Kobe Bryant didn't show it when he signaled to the bench, but he was scared.
"I saw the ring flash before my eyes," he said, referring to the Lakers' championship aspirations.
Bryant wasn't sure what the crackling sound was in his right knee after he banged it into the knee of teammate Josh Powell while chasing a rebound in Tuesday's exhibition against Charlotte.
He feared the worst.
"My knee just went back and I felt a little crunch, a little pop," Bryant said. "I was worried. That's the scariest part, is just sitting there for five or 10 minutes and waiting to see what's going to develop."
Bryant, after walking off on his own power to a locker room at the San Diego Sports Arena, was told he had a hyperextended right knee.
Make that only a hyperextended right knee.
In fact, he might play tonight in an exhibition rematch against Charlotte in Anaheim.
"If I'm good enough to go, I'm going to go. I don't see why not," he said.
Bryant said he "should be fine" for the season opener Tuesday against Portland.
The injury was not considered serious enough to schedule a visit with a doctor Wednesday after Bryant woke up without severe pain.
Bryant reported some soreness, but he can put weight on the knee and crouch down low with it.
He did not practice Wednesday and had ice wrapped around his knee at the team's training facility as he recounted the tension he felt the previous night.
He seemed relieved and was in a better mood than after Tuesday's game, when he walked past reporters and muttered brief answers to two questions before ducking into a sport utility vehicle.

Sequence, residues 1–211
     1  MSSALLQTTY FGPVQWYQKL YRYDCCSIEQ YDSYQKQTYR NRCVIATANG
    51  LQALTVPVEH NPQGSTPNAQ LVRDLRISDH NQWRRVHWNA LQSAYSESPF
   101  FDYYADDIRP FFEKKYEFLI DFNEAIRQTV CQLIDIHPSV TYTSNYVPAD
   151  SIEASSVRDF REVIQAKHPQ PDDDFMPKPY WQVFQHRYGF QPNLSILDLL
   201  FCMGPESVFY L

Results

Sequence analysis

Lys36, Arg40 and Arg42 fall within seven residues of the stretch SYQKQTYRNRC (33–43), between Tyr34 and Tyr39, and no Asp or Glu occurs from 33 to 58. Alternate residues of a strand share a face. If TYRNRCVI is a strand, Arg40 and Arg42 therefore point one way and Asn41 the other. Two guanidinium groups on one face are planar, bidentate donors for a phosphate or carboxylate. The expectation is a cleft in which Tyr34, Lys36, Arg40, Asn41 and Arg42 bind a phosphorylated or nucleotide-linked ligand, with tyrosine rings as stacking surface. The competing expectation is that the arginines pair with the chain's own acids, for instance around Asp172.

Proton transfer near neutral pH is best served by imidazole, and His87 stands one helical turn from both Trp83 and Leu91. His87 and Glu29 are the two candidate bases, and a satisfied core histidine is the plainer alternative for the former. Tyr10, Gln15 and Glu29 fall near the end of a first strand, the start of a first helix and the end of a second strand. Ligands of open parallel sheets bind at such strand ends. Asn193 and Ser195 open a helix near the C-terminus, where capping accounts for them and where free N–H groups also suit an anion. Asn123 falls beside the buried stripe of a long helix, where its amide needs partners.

On Wednesday, he joked around when talking about Powell, a power forward who signed with the Lakers over the summer after spending last season with the Clippers.
Powell received text messages and phone calls from friends and family about being the cause of the injury, Bryant said.
"It's all his fault," Bryant said, smiling. "I think we were mutually relieved."
Bryant, who won his first most-valuable-player award last season, had been experiencing a quiet preseason until a 28-point outburst Saturday in an exhibition against FC Barcelona.
Bryant's availability for tonight's game will probably be determined this morning.
"We always like [players] to go out and play," Lakers Coach Phil Jackson said. "That's what they do. It gives our group a chance to function together out there on the floor. But if there's any kind of issue with it, I don't want him to play."
The Lakers waived second-round pick Joe Crawford and undrafted forward C.J. Giles, giving them 15 players, the NBA maximum.
Coby Karl was not waived, though Jackson hinted that the team might make one more cut before the season began.
Karl will receive a partial payout of a $712,000 team option on his contract if he is still with the team at the end of this month.
Crawford, who played four years at Kentucky, was a longshot from the start because he was the third-to-last player picked in the draft in June.
Jackson seemed more comfortable keeping Karl for now because he has a year's experience at shooting guard in the Lakers' system and because guard Sasha Vujacic only recently returned from an ankle injury.
"With Sasha still limited in what he could do and with the Kobe 'possible' injury, it seemed to be the right match," Jackson said.
Vujacic will see a foot specialist this morning, which could determine his availability for tonight's game and the exhibition finale Friday against Oklahoma City.
Vujacic practiced Monday for the first time since injuring his ankle on the opening day of training camp.